"If he wants to stay, he can stay. It's not going to change anything, but if he wants to stay — I'll second your motion," Sims said.
All trustees voted in favor of moving into executive session; Saroodis again did not cast a vote.
The board moved into an executive session with Thurston, Powers, Greg Gilfus, the officer in charge of the village's police department, and Graham.
Barely 10 minutes into the executive session, Powers, Gilfus and Graham were in the lobby, no longer included.
After an hour, Lukins announced the executive session was over. The public meeting then resumed for one minute.
"No decision was made in executive session," Saroodis said. "We need a ... job to do, to approve the outside attorney."
"I would like to make a motion to hire Bond, Schoeneck & King (law firm) to represent the village for our ... situation," Hinman said.
All trustees voted in favor, Saroodis did not vote. Then the meeting adjourned.
After the meeting, Saroodis said "there is nothing to comment. Seriously. We paid our bills and that was it, nothing was decided."
Graham could not disclose any other information other than that he was representing an unidentified employee.
The Auburn Enlarged City School District will be offering a retirement incentive to teachers in order to save employee jobs in light of an impending deficit.
The district's board of education approved the memorandum of agreement between the district and the Auburn Teachers Association on the incentive at a board meeting Tuesday night. The incentive is for eligible employees who send in an irrevocable letter of resignation to the district by March 1. If 11 to 14 eligible employees send in letters, the incentive will be $5,000. If the district receives 15 or more letters, the incentive will go up to $7,500.
Pirozzolo said in an interview with The Citizen on Wednesday that staff was informed of the incentive and that he talked to board members and association president Cheryl Miskell about it around three weeks ago. He said the incentive is meant to save jobs in light of the district's incoming deficit, which Pirozzolo said comes to $4 million.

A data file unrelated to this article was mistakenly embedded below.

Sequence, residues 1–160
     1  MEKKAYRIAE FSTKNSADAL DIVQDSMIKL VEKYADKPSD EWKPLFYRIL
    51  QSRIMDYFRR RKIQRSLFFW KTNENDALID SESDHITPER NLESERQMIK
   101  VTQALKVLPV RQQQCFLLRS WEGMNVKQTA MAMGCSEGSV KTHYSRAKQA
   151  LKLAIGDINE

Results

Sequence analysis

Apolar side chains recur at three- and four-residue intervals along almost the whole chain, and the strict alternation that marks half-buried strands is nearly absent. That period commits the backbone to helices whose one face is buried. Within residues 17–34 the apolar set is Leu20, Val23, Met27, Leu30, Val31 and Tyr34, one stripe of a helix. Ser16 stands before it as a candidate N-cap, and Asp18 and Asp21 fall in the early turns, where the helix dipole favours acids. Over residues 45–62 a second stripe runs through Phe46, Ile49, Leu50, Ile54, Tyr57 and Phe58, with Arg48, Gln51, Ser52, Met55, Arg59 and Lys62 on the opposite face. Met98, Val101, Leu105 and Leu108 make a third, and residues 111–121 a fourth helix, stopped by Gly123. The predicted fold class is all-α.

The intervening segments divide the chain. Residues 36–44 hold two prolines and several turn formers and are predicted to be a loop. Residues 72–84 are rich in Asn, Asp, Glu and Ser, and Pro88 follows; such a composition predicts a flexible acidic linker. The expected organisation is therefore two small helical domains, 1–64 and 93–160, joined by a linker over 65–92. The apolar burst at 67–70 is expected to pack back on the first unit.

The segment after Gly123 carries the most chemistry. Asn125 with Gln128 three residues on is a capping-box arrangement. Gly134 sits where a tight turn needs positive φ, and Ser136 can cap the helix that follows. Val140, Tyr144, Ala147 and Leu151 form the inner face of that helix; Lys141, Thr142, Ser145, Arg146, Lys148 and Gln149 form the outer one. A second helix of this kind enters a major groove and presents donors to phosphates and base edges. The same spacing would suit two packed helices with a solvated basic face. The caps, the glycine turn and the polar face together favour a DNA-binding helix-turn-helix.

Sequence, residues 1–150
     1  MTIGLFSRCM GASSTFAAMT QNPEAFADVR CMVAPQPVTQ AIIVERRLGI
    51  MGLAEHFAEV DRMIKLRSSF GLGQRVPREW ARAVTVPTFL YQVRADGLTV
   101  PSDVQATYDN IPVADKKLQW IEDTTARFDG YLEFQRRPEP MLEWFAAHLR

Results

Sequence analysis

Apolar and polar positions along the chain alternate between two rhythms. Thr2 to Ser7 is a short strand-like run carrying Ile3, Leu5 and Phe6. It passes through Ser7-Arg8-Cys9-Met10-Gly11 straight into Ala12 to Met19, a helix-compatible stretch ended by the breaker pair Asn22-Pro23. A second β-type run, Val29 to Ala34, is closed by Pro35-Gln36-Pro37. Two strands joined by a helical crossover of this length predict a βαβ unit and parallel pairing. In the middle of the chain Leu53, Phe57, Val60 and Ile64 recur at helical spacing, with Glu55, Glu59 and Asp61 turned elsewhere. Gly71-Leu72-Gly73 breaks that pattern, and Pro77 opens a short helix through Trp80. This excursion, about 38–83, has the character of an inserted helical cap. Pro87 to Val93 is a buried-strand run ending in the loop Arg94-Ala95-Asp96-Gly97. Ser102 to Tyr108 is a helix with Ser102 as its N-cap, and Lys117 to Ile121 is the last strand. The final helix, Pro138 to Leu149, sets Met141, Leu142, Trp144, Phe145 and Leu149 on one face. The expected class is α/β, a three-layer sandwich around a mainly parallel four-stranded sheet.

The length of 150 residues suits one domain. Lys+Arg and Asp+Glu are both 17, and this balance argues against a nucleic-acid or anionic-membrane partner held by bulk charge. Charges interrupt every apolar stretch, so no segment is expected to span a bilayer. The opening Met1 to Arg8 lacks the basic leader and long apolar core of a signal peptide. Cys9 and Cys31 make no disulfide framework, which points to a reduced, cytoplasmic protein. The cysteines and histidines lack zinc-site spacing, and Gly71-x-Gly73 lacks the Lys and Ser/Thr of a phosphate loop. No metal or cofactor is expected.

Pirozzolo said this decision was in the works before Cayuga Centers announced Feb. 22 that its residential treatment program will be closing.
There are 19 district employees who work at Cayuga Centers, and 18 of them have seniority, allowing them to take positions elsewhere in the district. Pirozzolo had said Tuesday night that seven teachers and five aides from other schools in the district could lose their jobs as a result unless funds to keep those positions can be found.
District business manager Lisa Green said at the Tuesday night board meeting that the district is expected to lose a minimum of $450,000 to $600,000 if staff are not laid off immediately, as the district bills the counties where the students in the program come from for tuition. That figure will rise if staff are kept longer. Green and Pirozzolo said at the meeting that the district received no advanced notice of the closing.
The school board decided at the Tuesday meeting to table voting to cut staff members. Pirozzolo said the district is working on ways to try to secure enough money to save those positions. He noted some of those 18 employees will be filling vacant positions.
Pirozzolo said Wednesday that employees are eligible for the incentive if they are 55 and have 30 years of teaching experience or are 62 years of age. He said he believes that 17 people qualify for the incentive.
"This is all about saving jobs for next year," Pirozzolo said.